Digitisation: It's Not Just a Tickbox

2 min read | |

Whether it’s switching to compostable forks or posting weekly on Instagram, sometimes adding new features to a business can feel like a “tickbox” exercise. You spend time making minor changes because “the typical shop would” or because it seems like “every business needs to,” when in reality you can’t think of a reason for it. 

These days more and more businesses are adopting new technologies. Covid has massively accelerated this journey, with thousands of new digital tools appearing in the past 2 years. But, as more and more businesses rush to use new technologies and adopt online ordering, we need to ask: is this just another tick box?

It’s obvious online ordering isn’t as useful as it used to be. Many merchants adopted it during Covid and it served them well at the time. However, with things relatively back to normal the importance and effectiveness of this tool have diminished. Merchants have reverted back to in-person service and sometimes it takes longer to order online than in a shop. Once a lifesaver during Covid, online ordering may no longer provide the same utility it once had.

But just because a tool isn’t necessary to a business’s survival, doesn’t mean it isn’t useful.  A car isn’t necessary if you can walk somewhere, but it is still useful. Likewise, online ordering could be useful if implemented correctly.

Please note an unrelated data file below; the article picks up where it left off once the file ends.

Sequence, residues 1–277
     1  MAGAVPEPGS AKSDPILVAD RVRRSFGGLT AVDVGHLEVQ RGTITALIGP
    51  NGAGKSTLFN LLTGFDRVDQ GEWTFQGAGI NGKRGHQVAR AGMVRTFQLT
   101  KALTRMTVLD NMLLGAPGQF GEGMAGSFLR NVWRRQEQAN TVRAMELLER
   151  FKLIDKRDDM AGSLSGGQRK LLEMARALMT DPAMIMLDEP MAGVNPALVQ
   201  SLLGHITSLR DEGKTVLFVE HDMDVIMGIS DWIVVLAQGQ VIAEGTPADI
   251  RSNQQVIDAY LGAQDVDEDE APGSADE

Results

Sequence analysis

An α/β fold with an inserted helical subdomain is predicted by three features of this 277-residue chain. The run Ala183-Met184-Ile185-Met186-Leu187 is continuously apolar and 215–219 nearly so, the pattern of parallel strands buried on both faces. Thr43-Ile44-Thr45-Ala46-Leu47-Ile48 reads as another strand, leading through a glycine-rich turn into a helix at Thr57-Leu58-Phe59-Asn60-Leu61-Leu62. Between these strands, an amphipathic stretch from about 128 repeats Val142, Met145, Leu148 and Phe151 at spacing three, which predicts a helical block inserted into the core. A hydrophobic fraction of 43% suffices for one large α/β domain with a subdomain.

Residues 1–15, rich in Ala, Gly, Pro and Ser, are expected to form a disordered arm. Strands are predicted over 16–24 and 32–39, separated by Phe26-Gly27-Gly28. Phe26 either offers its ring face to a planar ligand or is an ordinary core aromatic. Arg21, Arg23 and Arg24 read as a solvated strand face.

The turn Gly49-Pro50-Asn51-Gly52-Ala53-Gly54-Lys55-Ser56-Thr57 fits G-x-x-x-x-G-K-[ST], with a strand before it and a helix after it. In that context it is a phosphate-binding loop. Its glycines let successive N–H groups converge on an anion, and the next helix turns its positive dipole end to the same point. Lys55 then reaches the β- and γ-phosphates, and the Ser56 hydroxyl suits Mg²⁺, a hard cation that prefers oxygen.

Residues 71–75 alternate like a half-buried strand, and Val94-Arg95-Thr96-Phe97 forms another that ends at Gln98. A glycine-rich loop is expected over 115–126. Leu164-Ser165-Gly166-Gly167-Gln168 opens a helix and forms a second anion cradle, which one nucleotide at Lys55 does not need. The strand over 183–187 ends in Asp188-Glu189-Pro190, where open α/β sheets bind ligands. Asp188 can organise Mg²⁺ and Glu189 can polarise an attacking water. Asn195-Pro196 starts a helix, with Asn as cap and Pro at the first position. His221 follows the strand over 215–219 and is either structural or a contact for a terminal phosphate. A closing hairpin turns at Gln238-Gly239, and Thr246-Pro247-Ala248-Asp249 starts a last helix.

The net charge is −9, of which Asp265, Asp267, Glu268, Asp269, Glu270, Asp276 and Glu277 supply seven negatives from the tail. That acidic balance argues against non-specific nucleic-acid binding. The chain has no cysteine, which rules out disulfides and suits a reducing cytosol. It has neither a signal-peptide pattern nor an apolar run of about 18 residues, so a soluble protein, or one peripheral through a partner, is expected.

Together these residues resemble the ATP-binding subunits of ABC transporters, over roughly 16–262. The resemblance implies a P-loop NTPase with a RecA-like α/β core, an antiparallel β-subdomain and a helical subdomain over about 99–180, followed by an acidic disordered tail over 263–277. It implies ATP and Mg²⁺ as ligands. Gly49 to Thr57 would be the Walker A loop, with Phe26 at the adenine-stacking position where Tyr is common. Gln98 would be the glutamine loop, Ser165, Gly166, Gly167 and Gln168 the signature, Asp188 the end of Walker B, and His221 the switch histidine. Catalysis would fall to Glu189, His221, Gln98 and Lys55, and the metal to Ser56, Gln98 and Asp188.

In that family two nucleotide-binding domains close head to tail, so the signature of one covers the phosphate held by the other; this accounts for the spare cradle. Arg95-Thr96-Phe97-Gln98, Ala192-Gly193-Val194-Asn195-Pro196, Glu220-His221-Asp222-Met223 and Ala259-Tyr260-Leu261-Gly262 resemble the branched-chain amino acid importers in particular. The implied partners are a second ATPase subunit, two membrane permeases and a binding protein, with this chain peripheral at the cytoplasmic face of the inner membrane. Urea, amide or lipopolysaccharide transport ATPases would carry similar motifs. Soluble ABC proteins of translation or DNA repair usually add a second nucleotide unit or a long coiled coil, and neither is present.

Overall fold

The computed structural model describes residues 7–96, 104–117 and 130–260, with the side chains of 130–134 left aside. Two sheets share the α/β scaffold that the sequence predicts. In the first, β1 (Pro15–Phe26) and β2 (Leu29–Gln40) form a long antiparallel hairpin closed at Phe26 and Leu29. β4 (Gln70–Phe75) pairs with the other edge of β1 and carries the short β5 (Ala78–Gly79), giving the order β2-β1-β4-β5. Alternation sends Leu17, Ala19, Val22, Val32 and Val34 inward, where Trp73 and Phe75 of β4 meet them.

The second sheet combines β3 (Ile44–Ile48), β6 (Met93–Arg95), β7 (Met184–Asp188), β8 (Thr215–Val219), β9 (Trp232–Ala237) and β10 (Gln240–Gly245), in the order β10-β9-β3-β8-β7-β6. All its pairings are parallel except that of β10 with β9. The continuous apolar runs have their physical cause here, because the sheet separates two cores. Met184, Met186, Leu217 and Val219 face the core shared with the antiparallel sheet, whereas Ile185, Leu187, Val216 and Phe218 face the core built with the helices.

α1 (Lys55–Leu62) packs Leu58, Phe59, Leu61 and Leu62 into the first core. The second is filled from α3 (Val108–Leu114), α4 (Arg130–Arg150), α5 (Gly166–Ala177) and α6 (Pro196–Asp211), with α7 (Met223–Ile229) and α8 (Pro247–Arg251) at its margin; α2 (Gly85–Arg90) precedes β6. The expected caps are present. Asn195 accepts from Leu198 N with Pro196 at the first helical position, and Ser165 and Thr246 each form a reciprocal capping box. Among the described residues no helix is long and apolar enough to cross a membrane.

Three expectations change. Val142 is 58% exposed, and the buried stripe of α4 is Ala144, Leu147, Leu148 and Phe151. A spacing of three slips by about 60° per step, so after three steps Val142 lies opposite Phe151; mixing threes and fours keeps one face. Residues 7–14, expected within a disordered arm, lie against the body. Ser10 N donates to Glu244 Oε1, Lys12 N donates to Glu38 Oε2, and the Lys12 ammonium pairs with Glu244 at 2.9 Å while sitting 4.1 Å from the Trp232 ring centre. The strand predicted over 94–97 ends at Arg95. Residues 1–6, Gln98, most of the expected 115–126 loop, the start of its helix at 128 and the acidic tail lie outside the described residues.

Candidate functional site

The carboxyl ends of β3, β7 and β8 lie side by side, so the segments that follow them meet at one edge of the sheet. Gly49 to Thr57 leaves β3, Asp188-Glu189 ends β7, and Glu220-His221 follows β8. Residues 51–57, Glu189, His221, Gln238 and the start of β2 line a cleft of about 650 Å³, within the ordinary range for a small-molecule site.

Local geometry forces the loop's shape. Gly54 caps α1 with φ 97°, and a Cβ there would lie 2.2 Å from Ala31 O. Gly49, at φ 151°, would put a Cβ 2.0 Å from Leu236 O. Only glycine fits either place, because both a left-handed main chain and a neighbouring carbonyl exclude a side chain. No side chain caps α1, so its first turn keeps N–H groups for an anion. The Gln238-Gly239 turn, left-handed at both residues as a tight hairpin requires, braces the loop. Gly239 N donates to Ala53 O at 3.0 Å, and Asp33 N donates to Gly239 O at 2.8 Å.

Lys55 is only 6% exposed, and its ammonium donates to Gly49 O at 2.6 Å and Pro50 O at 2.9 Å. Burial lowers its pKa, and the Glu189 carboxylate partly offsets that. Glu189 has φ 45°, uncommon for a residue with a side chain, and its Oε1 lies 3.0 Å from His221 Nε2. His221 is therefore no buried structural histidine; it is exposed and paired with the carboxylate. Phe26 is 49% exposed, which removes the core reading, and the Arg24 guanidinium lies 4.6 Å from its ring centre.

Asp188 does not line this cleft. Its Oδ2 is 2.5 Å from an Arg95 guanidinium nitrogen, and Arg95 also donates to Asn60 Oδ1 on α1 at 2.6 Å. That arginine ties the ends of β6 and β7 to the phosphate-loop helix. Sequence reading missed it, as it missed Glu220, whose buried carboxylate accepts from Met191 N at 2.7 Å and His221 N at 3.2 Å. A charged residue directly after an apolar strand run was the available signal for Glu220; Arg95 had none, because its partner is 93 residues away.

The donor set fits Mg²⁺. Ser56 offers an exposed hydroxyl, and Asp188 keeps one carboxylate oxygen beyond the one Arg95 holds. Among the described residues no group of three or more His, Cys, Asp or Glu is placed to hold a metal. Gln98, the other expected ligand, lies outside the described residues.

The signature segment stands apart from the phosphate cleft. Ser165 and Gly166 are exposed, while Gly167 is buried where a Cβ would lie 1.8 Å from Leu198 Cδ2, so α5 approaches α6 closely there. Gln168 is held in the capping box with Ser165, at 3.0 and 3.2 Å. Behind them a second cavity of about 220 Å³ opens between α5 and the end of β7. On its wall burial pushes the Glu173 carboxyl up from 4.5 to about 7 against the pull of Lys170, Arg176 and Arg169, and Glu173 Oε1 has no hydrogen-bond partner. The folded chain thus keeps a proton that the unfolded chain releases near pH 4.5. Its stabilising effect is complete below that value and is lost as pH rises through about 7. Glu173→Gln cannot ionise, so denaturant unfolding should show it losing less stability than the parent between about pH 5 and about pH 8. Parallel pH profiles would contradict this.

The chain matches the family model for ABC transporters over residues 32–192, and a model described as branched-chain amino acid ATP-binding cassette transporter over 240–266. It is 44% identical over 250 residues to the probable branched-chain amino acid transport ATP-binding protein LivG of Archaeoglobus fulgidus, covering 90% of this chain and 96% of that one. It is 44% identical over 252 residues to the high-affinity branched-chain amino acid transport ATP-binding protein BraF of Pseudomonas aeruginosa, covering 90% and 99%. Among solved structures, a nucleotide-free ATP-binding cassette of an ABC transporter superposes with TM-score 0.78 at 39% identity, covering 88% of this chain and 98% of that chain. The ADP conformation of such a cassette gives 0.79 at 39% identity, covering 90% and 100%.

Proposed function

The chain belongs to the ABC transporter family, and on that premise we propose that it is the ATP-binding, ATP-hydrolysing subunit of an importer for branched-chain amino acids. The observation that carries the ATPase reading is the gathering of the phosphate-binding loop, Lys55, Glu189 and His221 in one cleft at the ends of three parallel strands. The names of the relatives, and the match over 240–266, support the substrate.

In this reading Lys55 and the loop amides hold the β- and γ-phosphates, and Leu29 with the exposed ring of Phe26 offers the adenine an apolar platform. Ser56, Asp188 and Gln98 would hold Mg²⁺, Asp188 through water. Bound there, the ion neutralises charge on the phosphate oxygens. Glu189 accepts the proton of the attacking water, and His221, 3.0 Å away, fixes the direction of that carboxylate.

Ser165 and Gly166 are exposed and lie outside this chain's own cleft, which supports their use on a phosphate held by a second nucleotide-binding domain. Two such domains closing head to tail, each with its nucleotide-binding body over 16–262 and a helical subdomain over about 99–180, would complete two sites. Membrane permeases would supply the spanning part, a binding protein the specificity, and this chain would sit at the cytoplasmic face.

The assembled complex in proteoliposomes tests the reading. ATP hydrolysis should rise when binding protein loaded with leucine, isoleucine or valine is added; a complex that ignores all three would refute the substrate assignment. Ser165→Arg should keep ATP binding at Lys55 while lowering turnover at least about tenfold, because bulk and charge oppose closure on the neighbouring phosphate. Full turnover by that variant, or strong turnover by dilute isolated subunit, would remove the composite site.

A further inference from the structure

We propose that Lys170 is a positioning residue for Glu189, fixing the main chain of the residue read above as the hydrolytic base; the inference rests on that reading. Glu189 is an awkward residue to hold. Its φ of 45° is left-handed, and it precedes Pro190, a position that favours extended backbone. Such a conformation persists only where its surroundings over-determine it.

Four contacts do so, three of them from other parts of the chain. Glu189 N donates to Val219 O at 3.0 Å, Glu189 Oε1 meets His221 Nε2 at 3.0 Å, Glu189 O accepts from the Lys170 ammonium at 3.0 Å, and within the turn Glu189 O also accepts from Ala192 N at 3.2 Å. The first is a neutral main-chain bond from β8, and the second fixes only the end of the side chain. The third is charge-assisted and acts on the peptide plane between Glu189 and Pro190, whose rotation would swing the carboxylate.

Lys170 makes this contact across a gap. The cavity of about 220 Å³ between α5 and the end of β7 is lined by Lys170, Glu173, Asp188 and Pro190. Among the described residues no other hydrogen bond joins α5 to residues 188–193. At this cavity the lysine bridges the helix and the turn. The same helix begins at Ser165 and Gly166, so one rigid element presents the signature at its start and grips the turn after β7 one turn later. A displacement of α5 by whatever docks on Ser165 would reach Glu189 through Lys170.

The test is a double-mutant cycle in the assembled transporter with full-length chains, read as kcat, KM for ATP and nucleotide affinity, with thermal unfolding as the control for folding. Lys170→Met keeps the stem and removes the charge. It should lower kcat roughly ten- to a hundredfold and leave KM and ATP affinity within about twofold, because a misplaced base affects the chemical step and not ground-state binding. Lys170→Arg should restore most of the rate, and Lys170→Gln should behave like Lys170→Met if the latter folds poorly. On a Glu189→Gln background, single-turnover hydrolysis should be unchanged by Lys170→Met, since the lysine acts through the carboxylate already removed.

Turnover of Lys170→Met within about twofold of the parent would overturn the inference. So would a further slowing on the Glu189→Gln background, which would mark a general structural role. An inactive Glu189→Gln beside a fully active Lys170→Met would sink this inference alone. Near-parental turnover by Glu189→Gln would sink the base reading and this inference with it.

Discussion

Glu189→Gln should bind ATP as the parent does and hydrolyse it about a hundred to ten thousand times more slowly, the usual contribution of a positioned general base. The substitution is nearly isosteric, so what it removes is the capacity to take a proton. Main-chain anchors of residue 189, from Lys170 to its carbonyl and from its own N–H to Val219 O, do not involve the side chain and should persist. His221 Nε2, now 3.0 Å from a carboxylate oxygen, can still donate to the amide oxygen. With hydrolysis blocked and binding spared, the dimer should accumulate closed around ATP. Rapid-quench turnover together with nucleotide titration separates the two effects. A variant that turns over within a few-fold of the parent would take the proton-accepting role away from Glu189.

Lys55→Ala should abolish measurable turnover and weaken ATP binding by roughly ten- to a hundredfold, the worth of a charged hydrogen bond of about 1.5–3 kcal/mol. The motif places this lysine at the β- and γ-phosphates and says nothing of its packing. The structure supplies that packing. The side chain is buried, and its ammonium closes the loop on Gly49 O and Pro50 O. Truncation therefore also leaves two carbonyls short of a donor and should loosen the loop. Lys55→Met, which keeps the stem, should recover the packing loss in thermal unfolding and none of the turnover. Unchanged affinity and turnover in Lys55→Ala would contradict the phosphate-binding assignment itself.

The problem with digital tools like online ordering is that they were implemented without thinking about how they would integrate into companies’ DNA.  However, tools like online ordering do not exist in and of themselves, so they should be considered in terms of how they work with the entire business. If online ordering systems don’t work with the digital tools companies use (like gift cards and loyalty systems) and give customers equal in-store and online experiences, then there’s fragmentation, churn, and a “tick box” checked without a reason.

Decisions on implementing digital technologies are not just about the utility of a single tool. Businesses must also consider how new tools will work with the rest of their tools and also their professional DNA (everything from how new employees are trained using the tool to even the general culture of the business). DNA is all about the WHY – good staff and organisations don’t want to be told what something is, they want to know why it is there. Don’t let your next decision be a “tick box.” 


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